A former solicitor at Slater and Gordon has agreed to be struck off after he used a client’s personal injury settlement to pay two other clients.

Gareth Rowan Evans did not tell client H that her claim following an RTA had settled for £45,000, giving her the impression that negotiations were ongoing and arranging medical appointments under the guise they were to obtain evidence.

Meanwhile, Evans arranged for two other clients to receive payments from client H’s settlement after their claims had been compromised by court directions not being complied with. This was to avoid them becoming aware of what had happened in their respective cases.

Before the Solicitors Disciplinary Tribunal, he admitted dishonesty but said his biggest weakness had been ‘clamming up’ about cases where he was having problems. He said his work suffered due to the number of cases he was handling and on one occasion he started to cry at work because he felt out of his depth.

The tribunal heard that Evans, who was admitted in 1993, was originally employed by Silverbeck Rymer from 2001 before it subsequently merged with Slater Gordon Solutions Legal Limited. In 2018 the firm closed the Chelmsford office and Evans’ employment ended: his files were passed to a new fee earner and concerns were raised about three separate cases.

Solicitors Disciplinary Tribunal

SDT: Evans accepts he should be struck off after saying he did not speak up about pressure

Source: michael Cross

The claim of client H had been settled in March 2016 for £45,000 but this was done without her agreement and she was not told of the outcome. She continued to attend medical appointments for another 18 months that were arranged as part of the litigation, and in April 2016 Evans had emailed the client saying an offer had been made but he was seeking to have it increased.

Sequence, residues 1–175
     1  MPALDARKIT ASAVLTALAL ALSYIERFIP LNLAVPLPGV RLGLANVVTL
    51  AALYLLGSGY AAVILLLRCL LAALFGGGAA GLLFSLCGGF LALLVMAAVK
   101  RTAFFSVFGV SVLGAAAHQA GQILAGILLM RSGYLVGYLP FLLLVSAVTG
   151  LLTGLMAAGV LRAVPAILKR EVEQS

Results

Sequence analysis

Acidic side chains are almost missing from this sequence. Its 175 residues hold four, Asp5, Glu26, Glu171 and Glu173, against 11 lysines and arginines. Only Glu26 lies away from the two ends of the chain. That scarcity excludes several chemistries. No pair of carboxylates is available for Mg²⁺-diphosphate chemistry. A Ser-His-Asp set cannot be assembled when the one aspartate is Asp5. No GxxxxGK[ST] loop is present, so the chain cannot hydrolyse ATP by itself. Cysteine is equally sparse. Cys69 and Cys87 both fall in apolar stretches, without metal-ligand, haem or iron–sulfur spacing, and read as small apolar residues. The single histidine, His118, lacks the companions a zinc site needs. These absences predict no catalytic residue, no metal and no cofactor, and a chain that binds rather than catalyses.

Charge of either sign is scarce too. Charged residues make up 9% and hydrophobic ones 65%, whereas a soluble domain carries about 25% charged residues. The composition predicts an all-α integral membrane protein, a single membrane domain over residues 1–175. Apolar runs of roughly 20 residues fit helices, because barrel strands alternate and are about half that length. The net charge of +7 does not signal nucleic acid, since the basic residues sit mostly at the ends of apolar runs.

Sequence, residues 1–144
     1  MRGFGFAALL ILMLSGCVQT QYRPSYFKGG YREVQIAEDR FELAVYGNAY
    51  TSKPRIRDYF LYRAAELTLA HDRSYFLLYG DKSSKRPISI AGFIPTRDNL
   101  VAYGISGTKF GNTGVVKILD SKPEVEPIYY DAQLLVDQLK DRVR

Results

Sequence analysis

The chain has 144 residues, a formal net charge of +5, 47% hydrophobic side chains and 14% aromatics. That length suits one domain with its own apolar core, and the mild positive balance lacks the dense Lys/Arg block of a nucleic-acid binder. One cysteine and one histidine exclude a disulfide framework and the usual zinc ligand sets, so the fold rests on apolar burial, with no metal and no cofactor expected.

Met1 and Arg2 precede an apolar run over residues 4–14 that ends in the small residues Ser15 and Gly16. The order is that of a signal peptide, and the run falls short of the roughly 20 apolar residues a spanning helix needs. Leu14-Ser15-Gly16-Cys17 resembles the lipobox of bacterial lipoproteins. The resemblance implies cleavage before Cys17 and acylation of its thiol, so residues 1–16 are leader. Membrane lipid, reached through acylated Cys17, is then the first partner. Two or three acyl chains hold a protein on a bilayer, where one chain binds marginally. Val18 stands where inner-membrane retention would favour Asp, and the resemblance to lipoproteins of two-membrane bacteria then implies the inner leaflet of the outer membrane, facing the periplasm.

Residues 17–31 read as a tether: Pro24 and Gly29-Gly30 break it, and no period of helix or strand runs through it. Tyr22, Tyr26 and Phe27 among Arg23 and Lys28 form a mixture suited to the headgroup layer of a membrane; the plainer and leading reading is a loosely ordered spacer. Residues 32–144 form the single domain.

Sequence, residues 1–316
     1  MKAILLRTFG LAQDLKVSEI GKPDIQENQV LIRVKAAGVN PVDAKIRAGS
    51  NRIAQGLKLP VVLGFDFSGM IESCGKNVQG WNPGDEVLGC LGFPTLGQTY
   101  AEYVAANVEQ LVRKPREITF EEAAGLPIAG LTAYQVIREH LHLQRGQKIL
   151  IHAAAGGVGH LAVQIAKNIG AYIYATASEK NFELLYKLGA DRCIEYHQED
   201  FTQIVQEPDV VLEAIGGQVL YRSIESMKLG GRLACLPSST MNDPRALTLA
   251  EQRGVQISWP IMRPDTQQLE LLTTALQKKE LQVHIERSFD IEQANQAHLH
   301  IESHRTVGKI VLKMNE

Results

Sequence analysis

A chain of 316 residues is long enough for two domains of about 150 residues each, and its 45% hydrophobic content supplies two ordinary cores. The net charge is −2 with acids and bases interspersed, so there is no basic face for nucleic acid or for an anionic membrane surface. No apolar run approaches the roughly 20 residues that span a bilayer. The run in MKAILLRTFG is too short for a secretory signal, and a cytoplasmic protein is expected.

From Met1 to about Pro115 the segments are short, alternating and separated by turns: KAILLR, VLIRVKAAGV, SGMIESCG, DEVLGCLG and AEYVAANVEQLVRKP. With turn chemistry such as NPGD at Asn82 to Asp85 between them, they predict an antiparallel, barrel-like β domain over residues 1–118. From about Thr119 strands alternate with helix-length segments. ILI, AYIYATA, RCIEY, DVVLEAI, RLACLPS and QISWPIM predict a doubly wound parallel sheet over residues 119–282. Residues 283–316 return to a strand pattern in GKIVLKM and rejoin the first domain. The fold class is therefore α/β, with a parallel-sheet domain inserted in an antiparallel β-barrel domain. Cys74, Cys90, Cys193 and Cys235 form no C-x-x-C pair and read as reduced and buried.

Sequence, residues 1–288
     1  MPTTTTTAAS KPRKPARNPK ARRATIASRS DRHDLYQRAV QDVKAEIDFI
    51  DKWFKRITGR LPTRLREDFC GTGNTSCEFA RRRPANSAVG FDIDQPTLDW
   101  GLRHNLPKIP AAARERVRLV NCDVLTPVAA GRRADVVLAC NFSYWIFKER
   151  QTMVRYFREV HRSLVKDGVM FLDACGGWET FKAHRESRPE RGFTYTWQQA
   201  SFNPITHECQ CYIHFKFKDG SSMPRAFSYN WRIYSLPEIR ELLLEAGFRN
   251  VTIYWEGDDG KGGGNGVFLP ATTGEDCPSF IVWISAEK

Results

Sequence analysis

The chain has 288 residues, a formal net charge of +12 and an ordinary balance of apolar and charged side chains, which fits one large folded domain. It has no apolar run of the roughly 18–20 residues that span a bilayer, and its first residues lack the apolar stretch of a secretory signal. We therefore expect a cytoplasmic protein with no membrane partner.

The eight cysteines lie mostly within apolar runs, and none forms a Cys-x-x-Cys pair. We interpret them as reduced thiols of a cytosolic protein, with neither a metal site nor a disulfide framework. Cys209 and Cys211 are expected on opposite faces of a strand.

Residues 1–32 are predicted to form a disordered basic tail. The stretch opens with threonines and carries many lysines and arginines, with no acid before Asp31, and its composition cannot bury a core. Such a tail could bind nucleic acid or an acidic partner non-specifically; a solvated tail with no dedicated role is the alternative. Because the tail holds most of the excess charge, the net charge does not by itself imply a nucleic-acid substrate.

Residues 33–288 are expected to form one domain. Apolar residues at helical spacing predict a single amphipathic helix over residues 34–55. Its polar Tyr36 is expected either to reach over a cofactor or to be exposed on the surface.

Following the discovery that the matter had been settled much earlier, the client said she was caused ‘considerable stress, anger, anxiety and sleepless nights’. She had yet to receive any of the settlement as a result of the accident in 2008 and is pursuing a negligence claim against Slater and Gordon.

The tribunal heard that from the original settlement, improper payments of £17,000 and £4,661 were made to the two other clients.

Evans agreed with the SRA that he should be struck off and pay £2,300 costs. He put forward in mitigation, not accepted by the regulator, that these actions were out of character and those that knew him would find it ‘incredulous’ he could have done it.

He submitted that he had one of the highest caseloads in the office and should have spoken up about his worries, but instead he tried to ‘keep a lid’ on matters and hope everything would be okay. He did not believe that caseloads were properly monitored by the firm and that a number of fee earners had too many cases to deal with properly: in trying to keep all clients happy some cases were neglected so giving rise to issues.

In a statement, Slater and Gordon said today: 'We expect all employees of Slater and Gordon to adhere to the highest standards of conduct. As soon as we became aware of this issue, we acted quickly to report the matter to the SRA and have cooperated fully with them throughout the investigation.'